Politico

Tech companies removed the Buffalo shooting manifesto. A Texas law could make that illegal.


A Texas law under review by the Supreme Court could make it harder for tech companies to remove many kinds of violent, hate-filled content from their sites — including a racist manifesto linked to the suspect of last weekend’s mass shooting in Buffalo, N.Y.

The statute, which makes it illegal for large social media platforms to “censor” users or their posts based on “viewpoint,” is among a growing set of barriers facing companies such as Facebook, Google and YouTube as they try to police problematic messages. The Supreme Court may rule this week on a tech industry request to block the Texas law from taking effect.

Meanwhile, Twitter’s own anti-hate efforts face an uncertain future under the company’s planned purchase by Elon Musk, who has called himself a “free-speech absolutist” and said he opposes “censorship that goes far beyond the law.”

Musk has said he would still take down content that’s illegal or incites violence, and the Texas law includes exceptions for “unlawful expression” and “specific threats of violence” against people based on factors like race, religion or national origin. But companies including Facebook, Google and Twitter have used their hate policies to take down content that doesn’t clearly violate any U.S. laws, such as insults aimed at Black Americans, immigrants, Muslims, Jews or transgender people — and now, those efforts could become legally perilous.

Facebook, Twitter and the Amazon-owned streaming platform Twitch may have even violated the Texas law when they took down the white supremacist manifesto that the Buffalo shooting suspect is believed to have posted online, tech industry lawyer Chris Marchese said in an interview. He said the manifesto is “absolutely” covered under the law, known as HB 20.

“The manifesto is written speech and even though it is vile, extremist and disgusting speech it is nevertheless a viewpoint that HB 20 now protects,” said Marchese, the counsel at the industry group NetChoice. The group, which represents companies like Facebook, Google and Twitter, filed an emergency appeal Friday to Supreme Court Justice Samuel Alito seeking to block the Texas law, with a ruling expected as early as this week.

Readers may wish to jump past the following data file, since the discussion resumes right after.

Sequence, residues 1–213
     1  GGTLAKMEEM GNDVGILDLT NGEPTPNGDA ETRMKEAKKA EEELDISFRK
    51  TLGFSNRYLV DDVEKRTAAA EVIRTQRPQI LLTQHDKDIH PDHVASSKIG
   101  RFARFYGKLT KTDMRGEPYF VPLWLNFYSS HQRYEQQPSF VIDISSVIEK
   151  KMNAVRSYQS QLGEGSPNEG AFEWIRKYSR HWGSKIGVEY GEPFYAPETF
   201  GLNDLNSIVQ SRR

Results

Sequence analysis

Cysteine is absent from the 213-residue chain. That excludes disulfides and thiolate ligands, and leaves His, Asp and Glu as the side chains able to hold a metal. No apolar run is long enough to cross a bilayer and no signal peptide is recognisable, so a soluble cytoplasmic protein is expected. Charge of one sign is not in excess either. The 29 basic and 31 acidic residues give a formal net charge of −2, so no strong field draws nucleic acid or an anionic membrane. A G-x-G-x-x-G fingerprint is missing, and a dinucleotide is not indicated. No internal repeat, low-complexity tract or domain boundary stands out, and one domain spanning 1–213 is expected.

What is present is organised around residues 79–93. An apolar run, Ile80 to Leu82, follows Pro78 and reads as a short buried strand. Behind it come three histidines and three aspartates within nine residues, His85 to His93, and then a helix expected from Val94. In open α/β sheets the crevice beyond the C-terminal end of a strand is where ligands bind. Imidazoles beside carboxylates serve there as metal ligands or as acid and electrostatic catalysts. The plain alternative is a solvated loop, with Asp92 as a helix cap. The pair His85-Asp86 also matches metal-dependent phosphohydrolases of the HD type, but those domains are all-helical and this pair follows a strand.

A federal appeals court last week allowed the Texas law to take effect immediately, even before judges finish weighing the merits of the statute.

Civil rights groups say the online companies need to do much more to scrub hate from their platforms — citing Buffalo as an example of the consequences of failure.

Minority communities in particular would suffer if online companies water down their content moderation policies or readmit people they have banned, NAACP President Derrick Johnson said in an interview.

“We cannot as a society allow for social media platforms — or broadcast or cable news — to be used as tools to further tribalism, diminishing democracy,” he said. “That is what happened leading up to World War II and Nazi Germany. We have too many lessons in the past we can look to to determine it is not healthy for communities, it is not safe it is not safe for individuals.”

The office of Republican Texas Attorney General Ken Paxton didn’t respond to requests for comment about how tech companies’ removal of the Buffalo suspect’s manifesto — along with a livestream of the shooting — would be litigated under HB 20. Attempts to contact Musk were also unsuccessful, even as he began to take flack for failing to comment publicly about the Buffalo shooting or social media’s role in the attack.

At the very least, the Texas law means that users will be able to sue platforms that try to block the spread of what the companies consider harmful messages — leaving it for a judge to decide whose interpretation of the statute is correct. 

“It kind of doesn’t matter what any of us think of what counts as viewpoint or doesn’t,” said Daphne Keller, director of the Program on Platform Regulation at Stanford University’s Cyber Policy Center. “It only matters what a whole bunch of different local judges in Texas think.”